Avoid Extreme Temperatures

Summertime brings the hottest temperatures of the year. Your home should be the place to escape the scorching sun during these months. The last thing you want is a home that is retaining hot air and losing cold air due to improper insulation. Don’t wait until the last minute to take care of this!

Save during the Summer

In addition to avoiding the heat and ensuring a cool oasis at home, you’ll save big! You’d be surprised how much a properly insulated home can benefit your energy bill. Invest in long-term energy solutions, such as spray foam insulation. Spray foam keeps the cool air in and the hot air out – and vice-versa in the winter months. According to Energy Star, “EPA estimates that homeowners can save an average of 15% on heating and cooling costs (or an average of 11% on total energy costs) by air sealing their homes and adding insulation in attics, floors over crawl spaces, and accessible basement rim joists.”

Contact Creative Conservation today if you’re ready to make the best choice for you, your home, and your wallet!


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Choosing the Best Insulation for Your Home

We understand that the world of insulation can be a bit tricky for the average homeowner. We would like to focus on the three most common types of insulation. With this list, we hope to help you choose the best insulation method for your needs!

Spray Foam Insulation

• Air and watertight seal
• Improves indoor air quality
• Does not settle or sag
• Environmentally friendly
• Home energy efficiency is ensured, lowering seasonal energy bills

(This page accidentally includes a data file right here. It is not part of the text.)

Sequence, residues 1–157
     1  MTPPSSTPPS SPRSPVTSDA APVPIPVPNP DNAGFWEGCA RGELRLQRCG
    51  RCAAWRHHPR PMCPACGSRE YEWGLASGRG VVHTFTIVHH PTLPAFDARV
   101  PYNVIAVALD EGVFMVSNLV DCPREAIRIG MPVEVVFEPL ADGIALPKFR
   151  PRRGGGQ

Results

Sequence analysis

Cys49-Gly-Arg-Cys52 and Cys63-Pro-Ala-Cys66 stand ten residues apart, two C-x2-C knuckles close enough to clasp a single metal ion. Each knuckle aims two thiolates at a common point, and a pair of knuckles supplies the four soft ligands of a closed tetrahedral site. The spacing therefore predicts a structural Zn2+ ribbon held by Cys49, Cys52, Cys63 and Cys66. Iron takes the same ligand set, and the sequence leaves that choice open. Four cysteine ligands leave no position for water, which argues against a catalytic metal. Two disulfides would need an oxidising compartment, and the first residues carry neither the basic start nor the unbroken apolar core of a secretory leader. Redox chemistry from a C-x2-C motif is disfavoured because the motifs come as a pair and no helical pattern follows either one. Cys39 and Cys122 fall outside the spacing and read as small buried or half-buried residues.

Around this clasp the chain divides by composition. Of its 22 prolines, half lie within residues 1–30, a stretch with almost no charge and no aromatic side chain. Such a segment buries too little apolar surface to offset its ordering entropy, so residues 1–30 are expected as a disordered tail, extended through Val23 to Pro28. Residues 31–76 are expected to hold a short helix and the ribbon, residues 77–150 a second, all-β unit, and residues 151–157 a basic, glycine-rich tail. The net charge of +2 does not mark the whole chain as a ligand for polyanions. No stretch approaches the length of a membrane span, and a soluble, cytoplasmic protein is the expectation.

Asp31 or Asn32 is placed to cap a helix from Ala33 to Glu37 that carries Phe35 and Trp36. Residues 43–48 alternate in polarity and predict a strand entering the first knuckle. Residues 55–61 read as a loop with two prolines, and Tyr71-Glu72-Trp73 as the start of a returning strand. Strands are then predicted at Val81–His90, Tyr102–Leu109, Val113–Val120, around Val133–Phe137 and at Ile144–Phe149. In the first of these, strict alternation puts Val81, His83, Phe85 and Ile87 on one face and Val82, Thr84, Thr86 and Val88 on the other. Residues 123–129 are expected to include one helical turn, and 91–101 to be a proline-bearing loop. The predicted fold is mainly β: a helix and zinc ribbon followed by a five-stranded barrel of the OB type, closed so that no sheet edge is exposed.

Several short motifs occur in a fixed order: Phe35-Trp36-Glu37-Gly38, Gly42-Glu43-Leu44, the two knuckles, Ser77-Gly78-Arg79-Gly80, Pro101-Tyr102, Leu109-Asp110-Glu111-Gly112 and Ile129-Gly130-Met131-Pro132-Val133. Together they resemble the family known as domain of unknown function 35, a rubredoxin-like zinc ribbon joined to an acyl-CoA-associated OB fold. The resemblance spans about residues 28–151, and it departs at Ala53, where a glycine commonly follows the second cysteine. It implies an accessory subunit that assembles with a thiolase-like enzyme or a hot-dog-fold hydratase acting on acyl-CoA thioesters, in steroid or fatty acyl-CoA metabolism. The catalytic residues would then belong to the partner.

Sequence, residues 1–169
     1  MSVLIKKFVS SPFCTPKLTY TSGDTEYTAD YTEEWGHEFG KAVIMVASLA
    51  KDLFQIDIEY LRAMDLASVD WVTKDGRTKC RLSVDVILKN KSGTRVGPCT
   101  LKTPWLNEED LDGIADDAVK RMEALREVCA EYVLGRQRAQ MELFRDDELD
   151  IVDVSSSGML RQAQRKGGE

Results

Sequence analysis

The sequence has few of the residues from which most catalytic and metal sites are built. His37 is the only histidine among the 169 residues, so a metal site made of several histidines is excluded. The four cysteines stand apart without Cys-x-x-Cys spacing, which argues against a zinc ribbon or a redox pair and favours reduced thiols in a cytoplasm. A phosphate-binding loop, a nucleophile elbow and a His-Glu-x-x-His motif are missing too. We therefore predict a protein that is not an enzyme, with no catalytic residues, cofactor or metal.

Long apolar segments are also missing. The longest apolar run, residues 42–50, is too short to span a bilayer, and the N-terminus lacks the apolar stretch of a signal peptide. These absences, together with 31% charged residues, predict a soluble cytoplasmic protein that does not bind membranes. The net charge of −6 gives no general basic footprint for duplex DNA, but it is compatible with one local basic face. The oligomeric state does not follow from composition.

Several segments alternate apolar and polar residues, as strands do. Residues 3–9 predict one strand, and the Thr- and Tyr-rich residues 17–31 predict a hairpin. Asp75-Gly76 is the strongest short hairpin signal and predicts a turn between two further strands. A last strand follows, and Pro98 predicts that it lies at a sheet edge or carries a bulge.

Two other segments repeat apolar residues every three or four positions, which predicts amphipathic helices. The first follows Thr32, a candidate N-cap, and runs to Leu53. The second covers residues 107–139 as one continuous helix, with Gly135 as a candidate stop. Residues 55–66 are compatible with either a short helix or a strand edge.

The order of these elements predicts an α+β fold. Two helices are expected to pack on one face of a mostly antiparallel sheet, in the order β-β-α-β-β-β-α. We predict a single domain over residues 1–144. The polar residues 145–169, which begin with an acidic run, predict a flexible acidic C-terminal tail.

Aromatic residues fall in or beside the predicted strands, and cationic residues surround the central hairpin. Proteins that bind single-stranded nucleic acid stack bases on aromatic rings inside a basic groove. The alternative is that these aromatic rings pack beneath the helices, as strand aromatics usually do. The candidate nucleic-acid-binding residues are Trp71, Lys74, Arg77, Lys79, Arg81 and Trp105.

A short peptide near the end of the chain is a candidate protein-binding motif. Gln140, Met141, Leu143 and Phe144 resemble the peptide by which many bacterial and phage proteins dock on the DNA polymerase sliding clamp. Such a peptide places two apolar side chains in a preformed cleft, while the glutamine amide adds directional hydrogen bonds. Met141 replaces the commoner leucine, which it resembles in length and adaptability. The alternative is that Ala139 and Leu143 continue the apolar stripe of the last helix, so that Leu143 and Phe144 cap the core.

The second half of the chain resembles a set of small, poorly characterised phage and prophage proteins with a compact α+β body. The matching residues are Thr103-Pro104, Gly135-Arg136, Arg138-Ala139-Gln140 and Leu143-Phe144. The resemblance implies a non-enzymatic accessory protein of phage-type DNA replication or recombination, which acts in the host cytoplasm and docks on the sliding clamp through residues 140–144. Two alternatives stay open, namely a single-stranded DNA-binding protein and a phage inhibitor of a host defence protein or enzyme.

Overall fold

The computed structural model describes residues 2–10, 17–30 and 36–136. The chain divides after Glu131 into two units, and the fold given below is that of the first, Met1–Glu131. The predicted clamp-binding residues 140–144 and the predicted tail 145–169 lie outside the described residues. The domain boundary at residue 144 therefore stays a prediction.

• Longer lifespan than other products
• Has the highest R-value and does not lose R-value over time
• All awkward spaces are sealed up
• Pays for itself over time


Cellulose Insulation

• Fills cavities effectively
• Can be as loose or as dense as needed
• Environmentally friendly (made of up to 85% recycled content (mainly newspaper) and uses a minimal amount of energy to produce)
• Does not break down or deteriorate chemically
• Does not lose R-value in extreme outside temperatures
• No health concerns
• More affordable



Fiberglass Insulation

• Commonly available
• Easy installation
• Naturally fire-resistant (commonly made from combined fibers of plastic polymers, tiny glass fibers
• Resistant to mold and mildew growth
• More affordable
• Is not resistant to moisture
• Not the most effective air barrier
• May be a health concern for installers

Posted in Cellulose Insulation, Energy Conservation, Energy Saving, Environment, Home Comfort, Insulation, Sealed Crawl, Spray foam, Spray Foam for Business, Sustainable Living, Unvented Attics | Tagged , , , , , | Leave a comment